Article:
Detection of Rickettsia rickettsii, Rickettsia parkeri, and Rickettsia akari in Skin Biopsy Specimens Using a Multiplex Real-Time PCR Assay
- 1Division of High-Consequence Pathogens and Pathology, Infectious Diseases Pathology Branch
- 2Division of Vector-Borne Diseases, Rickettsial Zoonoses Branch, Centers for Disease Control and Prevention, Atlanta, GA, USA
- 3Department of Pathology, Division of Surgical Pathology, Montefiore Medical Center, Bronx, NY, 10467
- ↵aCorresponding author. Address: 1600 Clifton Rd. NE, MS G-32, Atlanta, GA 30333. Phone: (404) 639-1758. Fax: 404-639-3043. E-mail: firstname.lastname@example.org
- ↵b Alternate corresponding author. Address: 1600 Clifton Rd. NE, MS G-32, Atlanta, GA 30333. Phone: (404) 639-1309. Fax: 404-639-3043. E-mail: email@example.com
Background. Rickettsia rickettsii, R. parkeri, and R. akari are the most common causes of spotted fever group rickettsioses indigenous to the United States. Infected patients characteristically present with a maculopapular rash, often accompanied by an inoculation eschar. Skin biopsy specimens are often obtained from these lesions for diagnostic evaluation. However, a species-specific diagnosis is achieved infrequently from pathologic specimens because immunohistochemical stains do not differentiate among the causative agents of spotted fever group rickettsiae, and existing PCR assays generally target large gene segments that may be difficult or impossible to obtain from formalin-fixed tissues.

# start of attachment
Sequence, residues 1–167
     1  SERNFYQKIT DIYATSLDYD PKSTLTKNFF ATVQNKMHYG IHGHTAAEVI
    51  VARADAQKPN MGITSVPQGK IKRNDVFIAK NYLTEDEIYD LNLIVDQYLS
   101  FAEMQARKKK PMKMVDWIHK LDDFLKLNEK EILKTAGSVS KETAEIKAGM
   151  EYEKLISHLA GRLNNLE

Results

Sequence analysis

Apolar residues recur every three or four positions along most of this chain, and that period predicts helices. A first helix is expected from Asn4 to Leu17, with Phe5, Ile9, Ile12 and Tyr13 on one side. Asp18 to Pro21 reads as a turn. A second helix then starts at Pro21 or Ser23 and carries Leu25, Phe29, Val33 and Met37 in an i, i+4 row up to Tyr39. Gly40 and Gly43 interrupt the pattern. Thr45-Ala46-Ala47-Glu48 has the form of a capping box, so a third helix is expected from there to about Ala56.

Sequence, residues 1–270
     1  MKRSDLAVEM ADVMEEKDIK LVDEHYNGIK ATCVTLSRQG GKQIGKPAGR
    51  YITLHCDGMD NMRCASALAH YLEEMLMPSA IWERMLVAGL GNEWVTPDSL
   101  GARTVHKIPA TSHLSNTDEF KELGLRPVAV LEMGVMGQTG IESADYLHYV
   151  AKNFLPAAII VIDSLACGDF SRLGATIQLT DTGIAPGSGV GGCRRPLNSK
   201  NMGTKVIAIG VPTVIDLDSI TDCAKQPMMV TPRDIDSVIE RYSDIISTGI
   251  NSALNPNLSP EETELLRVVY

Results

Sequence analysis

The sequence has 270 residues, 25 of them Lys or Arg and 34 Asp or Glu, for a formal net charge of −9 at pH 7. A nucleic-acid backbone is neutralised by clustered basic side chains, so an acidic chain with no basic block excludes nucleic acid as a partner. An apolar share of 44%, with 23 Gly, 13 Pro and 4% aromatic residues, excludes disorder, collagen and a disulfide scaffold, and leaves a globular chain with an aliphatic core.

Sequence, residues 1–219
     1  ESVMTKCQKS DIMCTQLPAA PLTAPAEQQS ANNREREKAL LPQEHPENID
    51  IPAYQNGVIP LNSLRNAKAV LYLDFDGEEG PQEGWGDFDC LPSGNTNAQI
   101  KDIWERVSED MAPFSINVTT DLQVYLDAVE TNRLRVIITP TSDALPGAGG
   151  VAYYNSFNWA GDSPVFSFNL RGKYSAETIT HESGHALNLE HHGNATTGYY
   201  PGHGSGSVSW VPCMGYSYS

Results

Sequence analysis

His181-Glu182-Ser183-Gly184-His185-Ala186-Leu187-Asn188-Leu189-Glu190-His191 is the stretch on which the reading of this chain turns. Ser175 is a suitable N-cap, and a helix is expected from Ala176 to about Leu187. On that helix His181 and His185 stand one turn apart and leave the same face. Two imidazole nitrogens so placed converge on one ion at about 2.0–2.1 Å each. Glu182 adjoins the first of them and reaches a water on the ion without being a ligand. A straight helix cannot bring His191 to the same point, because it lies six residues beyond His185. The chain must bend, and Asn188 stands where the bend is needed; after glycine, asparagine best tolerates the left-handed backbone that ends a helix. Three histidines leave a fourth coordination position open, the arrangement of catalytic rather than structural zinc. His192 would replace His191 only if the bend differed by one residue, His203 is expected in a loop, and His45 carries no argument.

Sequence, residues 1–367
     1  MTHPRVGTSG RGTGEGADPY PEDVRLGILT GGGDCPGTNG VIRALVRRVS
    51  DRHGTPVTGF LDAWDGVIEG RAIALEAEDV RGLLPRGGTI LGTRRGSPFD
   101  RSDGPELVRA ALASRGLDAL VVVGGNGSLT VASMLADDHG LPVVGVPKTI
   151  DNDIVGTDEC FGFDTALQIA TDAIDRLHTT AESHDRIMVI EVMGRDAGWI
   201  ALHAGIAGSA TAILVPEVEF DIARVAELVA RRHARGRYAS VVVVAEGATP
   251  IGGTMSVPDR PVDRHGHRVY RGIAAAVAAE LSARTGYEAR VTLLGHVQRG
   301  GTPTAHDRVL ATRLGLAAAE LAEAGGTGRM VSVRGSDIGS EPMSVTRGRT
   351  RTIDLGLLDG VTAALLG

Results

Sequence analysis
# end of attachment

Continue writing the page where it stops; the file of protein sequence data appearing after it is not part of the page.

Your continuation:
Methods. This work describes the development and evaluation of a multiplex real-time PCR assay for the detection of these three Rickettsiaspecies from formalin-fixed, paraffin-embedded (FFPE) skin biopsy specimens.
Results. The multiplex PCR assay was specific at discriminating each species from FFPE controls of unrelated bacterial, viral, protozoan, and fungal pathogens that cause skin lesions, as well other closely related spotted fever group Rickettsia species.
Conclusions. This multiplex real-time PCR demonstrates greater sensitivity than nested PCR assays in FFPE tissues and provides an effective method to specifically identify cases of Rocky Mountain spotted fever, rickettsialpox, and R. parkeri rickettsiosis by using skin biopsy specimens.
- Received March 14, 2014.
- Accepted May 5, 2014.
- Published by Oxford University Press on behalf of the Infectious Diseases Society of America 2014. This work is written by (a) US Government employee(s) and is in the public domain in the US.
No hay comentarios:
Publicar un comentario